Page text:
Review of Daniel Altman’s Outrageous Fortunes
Daniel Altman’s book Outrageous Fortunes is consistently smart, engaging, and counterintuitive. Ambitious in scope, it discusses several important forces shaping the global economy over the next few decades.
Very long-term thinking has two characteristic pitfalls. As the Village’s deficit obsession shows, sometimes panic over a distant threat can derail attention to much more pressing ones. There’s also little accountability for long-term prognosticators. A lot can happen between now and 2030, and as Philip Tetlock has shown, media and academic elites rarely lose visibility or credibility in the wake of even grotesquely wrong predictions. The futuristic novel can be a much safer place to conjure up ensuing decades.
But unlike speculative fiction, or the slightly less speculative macro-predictive fare of a “Megatrends” or “Bold New World,” Altman’s book is grounded in a deep engagement with current economic dilemmas. His analysis works on two levels. First, for a self-interested investor, it’s good to be aware of the long-run influences on productivity and power that Altman outlines. For example, his discussion of the new colonialism demonstrates both the short-term profits and long-term risks that arise when countries like China and Saudi Arabia start buying rights to agricultural land and other resources in poorer places. He also challenges conventional wisdom on disintermediation, making a compelling case that certain middlemen and arbitrageurs can only gain from market integration.
Outrageous Fortunes also succeeds as a work for wonks, taking its place in the often noble genre dubbed by David Brin the self-preventing prophecy. As Altman puts it, “a frequent goal of prediction is to alter the future – to warn of impending danger so that it can be avoided.” The book describes many impending dangers, including increasing inequality driven by global warming, accelerating brain drains, and an enormous financial black market that is developing outside of traditional financial centers. Altman’s description of that black market is particularly acute, and worth discussing in some detail.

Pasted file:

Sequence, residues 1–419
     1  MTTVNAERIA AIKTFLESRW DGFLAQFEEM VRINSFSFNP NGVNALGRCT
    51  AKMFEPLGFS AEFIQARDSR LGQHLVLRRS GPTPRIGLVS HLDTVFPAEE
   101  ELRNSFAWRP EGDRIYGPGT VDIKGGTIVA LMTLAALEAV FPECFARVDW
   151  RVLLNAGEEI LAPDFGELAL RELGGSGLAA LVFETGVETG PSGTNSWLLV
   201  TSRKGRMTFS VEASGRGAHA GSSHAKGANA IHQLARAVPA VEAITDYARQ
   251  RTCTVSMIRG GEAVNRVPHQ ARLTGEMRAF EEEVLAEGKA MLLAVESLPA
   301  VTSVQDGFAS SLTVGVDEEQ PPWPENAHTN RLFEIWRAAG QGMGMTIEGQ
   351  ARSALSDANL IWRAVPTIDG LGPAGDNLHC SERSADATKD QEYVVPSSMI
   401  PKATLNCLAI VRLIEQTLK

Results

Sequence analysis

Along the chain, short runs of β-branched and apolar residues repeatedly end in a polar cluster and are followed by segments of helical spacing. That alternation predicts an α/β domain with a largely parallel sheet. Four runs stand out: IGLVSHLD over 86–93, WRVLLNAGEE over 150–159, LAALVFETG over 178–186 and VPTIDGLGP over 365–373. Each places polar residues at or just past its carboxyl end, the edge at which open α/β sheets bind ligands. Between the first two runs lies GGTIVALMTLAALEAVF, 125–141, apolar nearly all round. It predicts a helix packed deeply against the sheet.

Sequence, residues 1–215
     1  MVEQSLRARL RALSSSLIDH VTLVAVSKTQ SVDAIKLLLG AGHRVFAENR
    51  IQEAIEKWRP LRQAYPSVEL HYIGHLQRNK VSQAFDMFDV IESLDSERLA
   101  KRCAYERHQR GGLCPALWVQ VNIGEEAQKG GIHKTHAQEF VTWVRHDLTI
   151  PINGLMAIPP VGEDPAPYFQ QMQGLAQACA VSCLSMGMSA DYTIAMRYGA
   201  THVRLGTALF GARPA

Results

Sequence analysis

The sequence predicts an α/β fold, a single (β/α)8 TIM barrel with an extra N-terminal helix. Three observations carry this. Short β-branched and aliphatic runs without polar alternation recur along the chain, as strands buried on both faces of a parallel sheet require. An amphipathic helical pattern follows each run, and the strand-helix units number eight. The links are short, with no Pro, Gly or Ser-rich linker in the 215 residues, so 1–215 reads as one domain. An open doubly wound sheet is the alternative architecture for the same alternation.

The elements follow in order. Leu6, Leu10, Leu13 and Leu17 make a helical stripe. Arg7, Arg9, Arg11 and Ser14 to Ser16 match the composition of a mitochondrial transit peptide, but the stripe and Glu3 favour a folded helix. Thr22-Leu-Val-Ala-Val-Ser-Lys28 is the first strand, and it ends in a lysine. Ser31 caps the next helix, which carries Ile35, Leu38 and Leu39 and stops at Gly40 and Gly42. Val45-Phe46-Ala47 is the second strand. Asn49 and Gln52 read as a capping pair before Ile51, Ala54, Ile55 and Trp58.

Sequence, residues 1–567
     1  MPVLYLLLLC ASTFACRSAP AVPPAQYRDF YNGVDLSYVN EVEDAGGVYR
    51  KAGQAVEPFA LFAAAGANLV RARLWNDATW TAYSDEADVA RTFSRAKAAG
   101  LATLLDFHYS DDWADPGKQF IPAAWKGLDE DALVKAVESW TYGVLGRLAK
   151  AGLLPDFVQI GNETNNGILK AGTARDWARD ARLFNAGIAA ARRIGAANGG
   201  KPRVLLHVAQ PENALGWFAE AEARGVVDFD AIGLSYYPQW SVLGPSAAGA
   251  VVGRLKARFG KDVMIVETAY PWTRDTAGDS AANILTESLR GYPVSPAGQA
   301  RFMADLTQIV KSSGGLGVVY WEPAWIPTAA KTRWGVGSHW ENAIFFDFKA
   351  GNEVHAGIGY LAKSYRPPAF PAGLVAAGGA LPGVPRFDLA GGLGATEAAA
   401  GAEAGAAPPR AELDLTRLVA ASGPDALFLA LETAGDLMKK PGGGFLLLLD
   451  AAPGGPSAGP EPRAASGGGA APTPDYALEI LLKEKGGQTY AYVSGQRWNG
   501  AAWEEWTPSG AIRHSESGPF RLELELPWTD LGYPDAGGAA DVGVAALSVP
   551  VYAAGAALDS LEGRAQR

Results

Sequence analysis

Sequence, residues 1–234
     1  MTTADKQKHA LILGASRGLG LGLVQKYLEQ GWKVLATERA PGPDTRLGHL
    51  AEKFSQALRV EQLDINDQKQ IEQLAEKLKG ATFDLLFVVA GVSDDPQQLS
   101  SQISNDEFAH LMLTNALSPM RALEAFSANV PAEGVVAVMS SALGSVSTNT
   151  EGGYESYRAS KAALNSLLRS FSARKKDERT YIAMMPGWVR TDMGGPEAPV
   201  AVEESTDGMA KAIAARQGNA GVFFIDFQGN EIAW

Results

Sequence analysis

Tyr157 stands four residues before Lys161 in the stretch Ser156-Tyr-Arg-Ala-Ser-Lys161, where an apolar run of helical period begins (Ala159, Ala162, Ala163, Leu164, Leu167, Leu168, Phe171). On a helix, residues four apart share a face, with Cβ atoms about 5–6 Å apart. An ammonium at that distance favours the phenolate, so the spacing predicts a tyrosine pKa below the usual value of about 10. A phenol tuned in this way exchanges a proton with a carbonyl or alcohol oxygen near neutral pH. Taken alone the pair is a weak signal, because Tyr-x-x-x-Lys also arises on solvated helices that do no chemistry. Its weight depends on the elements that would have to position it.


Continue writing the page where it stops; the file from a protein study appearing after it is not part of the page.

Altman observes that “the last two decades witnessed the greatest expansion in financial markets the world has ever seen. At the heart of this expansion was the proliferation of derivatives. These are securities that are neither equity like shares in the company, nor debts, like government bonds. Rather, they are gambles; contingent on something the world is not yet know, like the future price of oil, whether a company will go bankrupt, or even the weather” (178). Despite the proliferation of derivatives contracts, and the exponential growth of their notional value, regulators have failed to develop even the most elementary methods of assessing the risks they pose. More ominously, the very wealthy individuals and entities who play this market threatened to decamp for less restrictive settings whenever the possibility of regulation is broached.
Mainstream legal and economic discussions of finance tend to accept this dynamic as an inevitable outcome of globalization. However, Altman traces the trends to their logical conclusion: an “offshore migration of sophisticated” traders toward websites that, like ships that fly under a flag of convenience, allow you to “bet on the future values of thousands of stocks, stock indexes, commodities, treasury bonds, and currencies– all without holding any of the underlying securities” (194). As he notes, these platforms could be tremendously destabilizing; unless there is a massive bailout, “a crisis in the financial black market will leave investors with virtually no protection against a total collapse.” We frequently hear from financial experts that only banks with some governmental guarantee need to monitored and regulated. Altman suggests that failures in the offshore world could wreak havoc in nation states.
Altman believes that there is an alternative: much more intense monitoring of the global financial system by national and international regulators. Outrageous Fortunes features other pragmatic approaches toward addressing pressing global problems. The book is a must-read for those interested in the long-term future of their jobs, communities, and global economy.